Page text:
1. Jules Kroll is planning to enter the credit ratings business. Is this a good idea? Is this a good time? Why? We suggest it is a good time but not a good idea for Jules Kroll to enter the credit ratings business. In order to know whether it is right for him to do so, we have used SWOT analysis to see the feasibility of this plan.
Strength Jules B. Kroll — the leader of Kroll Bond Rating Agency, is the formidable strength for them to enter this new industry by his successful business career and abundant experience as an entrepreneur. Few people ever penetrate the dark side of money, but Jules Kroll is one of them. He has done all his life to look under the covers. The previous success and reputation of the Kroll corporate intelligence firm and K2 Global Partners can help Kroll Bond Rating Agency stepping into spotlight, while give public confidence that Jules Kroll could break into such a tough industry.
Weakness Credit rating business is brand new field to Jules Kroll. He must do a lot of preparations to meet the requirements — a large amount of qualified experts, which would be a key to success; interest from users and issuers; NRSRO designation; investors who can help developing the financial viability of the project. Startup companies lack the geographical reach and industry expertise of the established players. It is costly and time consuming to recruit prominent staff of credit rating industry, and it is also hard for Kroll to attract users and issuers since majority of them have already worked with the big three rating agency for many years. Moreover, applying for NRSRO status is a slow and expensive process.
Opportunity The poor performances and overly optimistic ratings of the big three rating agencies during the recent financial crisis have made them been called “essential cogs in the wheel of financial destruction”. It is certainly an uncomfortable time for incumbent ratings agencies, big or small. Wall Street types tend to look askance at credit ratings no matter who is providing them. But ratings services, despite their apparent failures, still play a crucial role in the capital markets. So it is also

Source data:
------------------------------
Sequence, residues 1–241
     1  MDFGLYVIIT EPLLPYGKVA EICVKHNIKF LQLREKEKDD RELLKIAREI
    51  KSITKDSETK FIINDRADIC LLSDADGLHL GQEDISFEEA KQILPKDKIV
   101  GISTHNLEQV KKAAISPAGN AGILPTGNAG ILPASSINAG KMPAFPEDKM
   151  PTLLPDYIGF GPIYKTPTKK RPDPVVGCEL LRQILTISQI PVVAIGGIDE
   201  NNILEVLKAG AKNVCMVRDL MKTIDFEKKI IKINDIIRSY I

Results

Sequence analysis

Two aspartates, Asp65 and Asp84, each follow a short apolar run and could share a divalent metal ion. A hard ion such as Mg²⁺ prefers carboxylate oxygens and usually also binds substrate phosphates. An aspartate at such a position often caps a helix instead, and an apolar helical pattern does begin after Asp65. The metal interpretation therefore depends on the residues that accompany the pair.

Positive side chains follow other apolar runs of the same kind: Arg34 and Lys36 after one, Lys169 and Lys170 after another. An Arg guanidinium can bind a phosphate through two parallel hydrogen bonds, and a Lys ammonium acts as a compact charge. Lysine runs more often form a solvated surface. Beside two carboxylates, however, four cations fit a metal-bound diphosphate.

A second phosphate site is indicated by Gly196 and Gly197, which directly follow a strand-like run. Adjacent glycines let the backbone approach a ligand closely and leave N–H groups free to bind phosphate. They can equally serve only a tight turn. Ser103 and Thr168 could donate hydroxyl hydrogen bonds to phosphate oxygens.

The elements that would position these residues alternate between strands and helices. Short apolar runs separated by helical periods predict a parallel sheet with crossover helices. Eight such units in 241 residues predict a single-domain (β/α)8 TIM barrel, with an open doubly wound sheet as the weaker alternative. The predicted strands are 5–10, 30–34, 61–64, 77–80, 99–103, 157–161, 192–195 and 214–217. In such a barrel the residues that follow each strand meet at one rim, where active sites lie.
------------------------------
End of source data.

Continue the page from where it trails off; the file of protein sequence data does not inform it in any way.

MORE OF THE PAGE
attractive for Jules Kroll to take this opportunity to enter the credit rating industry. In addition, the “issuer pays” model, which used by the big three rating agencies, lets companies shop around for the best ratings, putting pressure on the agencies to inflate their grades. As a result, it is very difficult to argue that they can adequately represent the users’ side. Therefore, Jules Kroll wants to use another model that can assign unbiased and reliable ratings.
Threat The leading ratings agencies, Moody’s, Standard & Poor’s and Fitch — a triumvirate some liken to an oligopoly, almost dominate the whole market. Their long history operations, great reputation and customers’ loyalty in the industry lead them incomparable to new entrants. Furthermore, Kroll also faces competition from new entrants like Meredith Whitney, a banking analyst who is getting into the ratings business, and Morningstar, of mutual fund fame, and the Chinese municipal rating agency Dagong with huge capital. Therefore, it is tough for Kroll to break into this new industry where the three dominant incumbents have 97% of all ratings.
In conclusion, we could say it is a good time for Kroll to enter credit rating business since the big three agencies lost considerable investor confidence during the financial crisis, and that the sector is ripe for new blood. However, based on our SWOT analysis, we don’t think it is a good idea because of Kroll’s weakness and competitors’ threat.